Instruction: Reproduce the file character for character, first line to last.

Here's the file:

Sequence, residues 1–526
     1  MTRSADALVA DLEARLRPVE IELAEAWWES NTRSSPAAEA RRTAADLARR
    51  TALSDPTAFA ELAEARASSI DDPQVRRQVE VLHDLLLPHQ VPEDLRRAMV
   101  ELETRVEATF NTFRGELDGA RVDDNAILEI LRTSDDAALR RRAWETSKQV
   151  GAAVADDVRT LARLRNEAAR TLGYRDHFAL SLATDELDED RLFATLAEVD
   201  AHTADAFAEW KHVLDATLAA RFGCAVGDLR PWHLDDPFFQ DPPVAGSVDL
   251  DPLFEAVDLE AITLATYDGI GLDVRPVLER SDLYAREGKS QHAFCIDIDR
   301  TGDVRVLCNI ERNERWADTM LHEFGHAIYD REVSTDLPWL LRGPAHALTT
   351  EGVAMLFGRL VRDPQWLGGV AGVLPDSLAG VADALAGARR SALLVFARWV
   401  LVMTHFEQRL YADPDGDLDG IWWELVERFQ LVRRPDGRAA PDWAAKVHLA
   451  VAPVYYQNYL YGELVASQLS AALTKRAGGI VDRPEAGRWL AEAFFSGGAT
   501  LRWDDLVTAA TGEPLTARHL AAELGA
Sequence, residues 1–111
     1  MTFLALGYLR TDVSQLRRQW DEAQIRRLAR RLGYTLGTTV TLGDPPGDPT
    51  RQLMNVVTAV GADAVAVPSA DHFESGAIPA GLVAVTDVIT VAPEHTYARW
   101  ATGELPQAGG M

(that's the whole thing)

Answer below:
Sequence, residues 1–526
     1  MTRSADALVA DLEARLRPVE IELAEAWWES NTRSSPAAEA RRTAADLARR
    51  TALSDPTAFA ELAEARASSI DDPQVRRQVE VLHDLLLPHQ VPEDLRRAMV
   101  ELETRVEATF NTFRGELDGA RVDDNAILEI LRTSDDAALR RRAWETSKQV
   151  GAAVADDVRT LARLRNEAAR TLGYRDHFAL SLATDELDED RLFATLAEVD
   201  AHTADAFAEW KHVLDATLAA RFGCAVGDLR PWHLDDPFFQ DPPVAGSVDL
   251  DPLFEAVDLE AITLATYDGI GLDVRPVLER SDLYAREGKS QHAFCIDIDR
   301  TGDVRVLCNI ERNERWADTM LHEFGHAIYD REVSTDLPWL LRGPAHALTT
   351  EGVAMLFGRL VRDPQWLGGV AGVLPDSLAG VADALAGARR SALLVFARWV
   401  LVMTHFEQRL YADPDGDLDG IWWELVERFQ LVRRPDGRAA PDWAAKVHLA
   451  VAPVYYQNYL YGELVASQLS AALTKRAGGI VDRPEAGRWL AEAFFSGGAT
   501  LRWDDLVTAA TGEPLTARHL AAELGA
Sequence, residues 1–111
     1  MTFLALGYLR TDVSQLRRQW DEAQIRRLAR RLGYTLGTTV TLGDPPGDPT
    51  RQLMNVVTAV GADAVAVPSA DHFESGAIPA GLVAVTDVIT VAPEHTYARW
   101  ATGELPQAGG M